This blog,originally founded by Blogger, who is listed in Marquis Who's Who and is a recipient of the Albert Nelson Marquis Lifetime Achievement Award. He holds a theological degree and a doctorate in Counseling Psychology. Taught Psychology for 32 years and is now Professor Emeritus. Is a board-certified psychologist and was awarded the Lifetime Achievement Award in his profession. Ministered as a chaplain, and pastored Baptist and Episcopal churches. Publications cover the integration of psychology and theology. Served in the Army, the Merchant Marines and the Peace Corps.

Tuesday, May 7, 2013

NO SALE!! High School Property to Be Re-bid!

Citing the (Boone) Town Council's "recent adoption of the discriminatory, anti-multi-family housing regulations proposed by the "Affordable Housing Taskforce", Developer Phil Templeton has withdrawn his $18.9 Million offer to purchase the old high school property.

The county will re-advertise the property- possibly as early as  next week.

According to Templeton's withdrawal letter, the restrictions put on the property by the Town of Boone (AFTER TEMPLETON SUBMITTED THE WINNING BID) makes the $18.9 million purchase an "unacceptable level of risk". It's hard to imagine that, given the newly created restrictions on the property, that the eventual selling price will be in the same price range!

The actions of the Boone Town Council have killed this sale. The result it that county taxpayers will continue to pay appx $500,000.00 interest each year on the portion of the current debt that would have been reduced when the purchase price was applied against the outstanding loan.

Not to mention the continuing loss of tax revenue to both the County and the Town for as long as this property remains in county hands and off of the tax rolls!

A copy of Templeton's letter can be seen at the HCPress Website here.


Anonymous said...

As soon as Templeton was announced as the high bidder, the town moved to kill the deal! They don't mind costing taxpayers money if it helps them to penalize Templeton for his daring to try to build in the mayor's neighborhood!

Wolf's Head said...


Nobody said...

Now let's watch the town council and see if they amend the housing regs to grandfather the high school property. If that happens, it is my hope that Templeton files suit against the town and that ALL of the local media harp on this like it's Abu Ghraib and the town council is George Bush. I and others have suspected that the housing regs were pushed through BECAUSE it was Templeton who was the buyer. Legislating due to a personal vendetta and grudge -- anyone surprised?

guy faulkes said...

I do not think the Town will amend the regs to grandfather the old high school property because they are afraid Templeton might bid again.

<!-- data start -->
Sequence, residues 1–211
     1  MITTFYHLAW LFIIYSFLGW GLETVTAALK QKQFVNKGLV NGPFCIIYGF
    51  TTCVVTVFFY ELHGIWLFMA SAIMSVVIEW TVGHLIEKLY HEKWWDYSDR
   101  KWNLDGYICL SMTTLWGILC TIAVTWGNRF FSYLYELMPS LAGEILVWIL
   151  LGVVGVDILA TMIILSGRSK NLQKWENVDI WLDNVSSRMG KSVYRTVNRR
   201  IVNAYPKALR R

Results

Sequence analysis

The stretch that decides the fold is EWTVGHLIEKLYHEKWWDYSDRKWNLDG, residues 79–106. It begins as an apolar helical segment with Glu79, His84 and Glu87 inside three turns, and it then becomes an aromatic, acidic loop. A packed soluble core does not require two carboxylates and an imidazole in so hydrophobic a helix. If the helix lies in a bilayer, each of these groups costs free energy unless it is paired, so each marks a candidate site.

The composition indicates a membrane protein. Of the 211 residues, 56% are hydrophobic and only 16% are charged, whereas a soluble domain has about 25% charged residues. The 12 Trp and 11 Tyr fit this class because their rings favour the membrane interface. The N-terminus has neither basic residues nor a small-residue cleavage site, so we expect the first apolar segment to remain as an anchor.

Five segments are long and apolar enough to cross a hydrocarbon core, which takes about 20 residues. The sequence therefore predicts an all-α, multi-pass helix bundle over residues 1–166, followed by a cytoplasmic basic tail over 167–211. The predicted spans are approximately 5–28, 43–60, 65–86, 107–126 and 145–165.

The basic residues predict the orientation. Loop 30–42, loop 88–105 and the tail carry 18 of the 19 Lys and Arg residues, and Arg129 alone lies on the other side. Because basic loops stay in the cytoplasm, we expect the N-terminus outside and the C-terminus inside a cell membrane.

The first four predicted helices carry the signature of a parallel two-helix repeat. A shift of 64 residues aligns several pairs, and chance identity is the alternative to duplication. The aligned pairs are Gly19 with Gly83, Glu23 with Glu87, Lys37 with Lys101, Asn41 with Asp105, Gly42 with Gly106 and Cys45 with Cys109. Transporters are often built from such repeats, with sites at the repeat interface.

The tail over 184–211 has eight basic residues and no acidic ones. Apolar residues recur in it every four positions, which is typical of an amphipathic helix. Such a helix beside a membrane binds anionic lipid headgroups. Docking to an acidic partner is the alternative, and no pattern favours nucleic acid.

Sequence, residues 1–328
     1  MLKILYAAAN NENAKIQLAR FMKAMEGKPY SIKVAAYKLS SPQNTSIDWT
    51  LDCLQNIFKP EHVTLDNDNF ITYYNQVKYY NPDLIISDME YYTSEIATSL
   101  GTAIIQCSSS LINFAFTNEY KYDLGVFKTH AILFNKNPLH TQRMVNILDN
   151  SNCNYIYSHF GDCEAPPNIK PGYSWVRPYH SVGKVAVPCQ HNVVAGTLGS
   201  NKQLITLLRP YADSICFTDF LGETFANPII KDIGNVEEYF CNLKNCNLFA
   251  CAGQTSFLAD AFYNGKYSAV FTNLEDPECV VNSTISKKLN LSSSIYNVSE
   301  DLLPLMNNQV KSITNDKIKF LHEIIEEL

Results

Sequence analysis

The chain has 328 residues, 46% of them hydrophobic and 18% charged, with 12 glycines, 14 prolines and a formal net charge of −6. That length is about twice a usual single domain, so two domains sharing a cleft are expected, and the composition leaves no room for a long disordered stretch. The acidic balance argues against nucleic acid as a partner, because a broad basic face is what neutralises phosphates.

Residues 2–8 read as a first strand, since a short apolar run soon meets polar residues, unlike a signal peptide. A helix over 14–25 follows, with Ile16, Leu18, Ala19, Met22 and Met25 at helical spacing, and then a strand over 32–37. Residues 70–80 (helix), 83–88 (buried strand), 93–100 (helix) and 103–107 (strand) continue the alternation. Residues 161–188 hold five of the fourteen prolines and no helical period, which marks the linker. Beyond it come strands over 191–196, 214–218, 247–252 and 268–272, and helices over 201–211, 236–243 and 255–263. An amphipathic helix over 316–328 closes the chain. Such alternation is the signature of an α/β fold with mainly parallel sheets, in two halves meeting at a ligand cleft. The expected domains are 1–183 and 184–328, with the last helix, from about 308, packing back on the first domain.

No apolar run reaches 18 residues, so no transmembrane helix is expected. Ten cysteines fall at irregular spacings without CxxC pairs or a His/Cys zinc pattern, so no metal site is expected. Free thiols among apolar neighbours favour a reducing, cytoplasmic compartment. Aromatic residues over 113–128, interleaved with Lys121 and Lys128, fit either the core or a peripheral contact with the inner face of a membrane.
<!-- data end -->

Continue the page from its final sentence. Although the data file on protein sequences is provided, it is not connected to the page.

What will be ironic is if Templeton bids at a much lower price as everyone will do due to the regulations and wins the bid again. Watch for accusations of collusion between the county commissioners and Templeton even though the town caused the value of the property to plummet.

NewGuy said...

There are those wackos out there that will say that, Guy......I've seen comments along those lines already.

But, the fact is, the highest offer is publicized and anyone can "upset" that offer with a higher bid. Hard to 'rig' a price when you are selling to the highest bidder!

guy faulkes said...

NewGuy, could that be called the free market and is why it works?

NewGuy said...

An example of the free market in action..And, since the town has restricted the use of the property, it reduces the demand for that property and will likely reduce the price as a result!

It's ridiculous for the town to decide what is "needed". Templeton is an intelligent man - he is not going to build something that is not 'needed'....not if he wants to get a return on his investment.

The town apparently doesn't realize (or, more likely, doesn't CARE) that an increase in housing supply will result in lower housing costs for everyone! Vacant apartments aren't going to make a landlord any money and he will, of necessity, reduce his rental prices in order to attract tenants.

Why wouldn't an "Affordable Living" task force recognize this simple fact?

guy faulkes said...

Why wouldn't an "Affordable Living" task force recognize this simple fact?

It does. You are working under the assumption tat the task force wants to provide affordable living instead of protecting the status quot. After all, those that move into houses priced for working people might be working people and as these kind of people might be conservative, that would never do.

The Boone Council has to protect its power base.